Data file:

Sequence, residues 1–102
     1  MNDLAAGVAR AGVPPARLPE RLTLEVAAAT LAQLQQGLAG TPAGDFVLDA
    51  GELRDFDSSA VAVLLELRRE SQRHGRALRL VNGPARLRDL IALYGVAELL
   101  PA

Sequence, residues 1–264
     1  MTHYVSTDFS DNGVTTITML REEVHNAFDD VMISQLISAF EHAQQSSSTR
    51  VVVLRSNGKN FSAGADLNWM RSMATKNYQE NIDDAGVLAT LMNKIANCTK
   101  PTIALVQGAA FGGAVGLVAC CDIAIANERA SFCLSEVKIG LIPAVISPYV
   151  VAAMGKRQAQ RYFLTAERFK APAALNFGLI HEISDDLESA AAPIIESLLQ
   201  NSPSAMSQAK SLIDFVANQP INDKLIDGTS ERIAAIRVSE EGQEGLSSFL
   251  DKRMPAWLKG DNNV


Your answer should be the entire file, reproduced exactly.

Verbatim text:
Sequence, residues 1–102
     1  MNDLAAGVAR AGVPPARLPE RLTLEVAAAT LAQLQQGLAG TPAGDFVLDA
    51  GELRDFDSSA VAVLLELRRE SQRHGRALRL VNGPARLRDL IALYGVAELL
   101  PA

Sequence, residues 1–264
     1  MTHYVSTDFS DNGVTTITML REEVHNAFDD VMISQLISAF EHAQQSSSTR
    51  VVVLRSNGKN FSAGADLNWM RSMATKNYQE NIDDAGVLAT LMNKIANCTK
   101  PTIALVQGAA FGGAVGLVAC CDIAIANERA SFCLSEVKIG LIPAVISPYV
   151  VAAMGKRQAQ RYFLTAERFK APAALNFGLI HEISDDLESA AAPIIESLLQ
   201  NSPSAMSQAK SLIDFVANQP INDKLIDGTS ERIAAIRVSE EGQEGLSSFL
   251  DKRMPAWLKG DNNV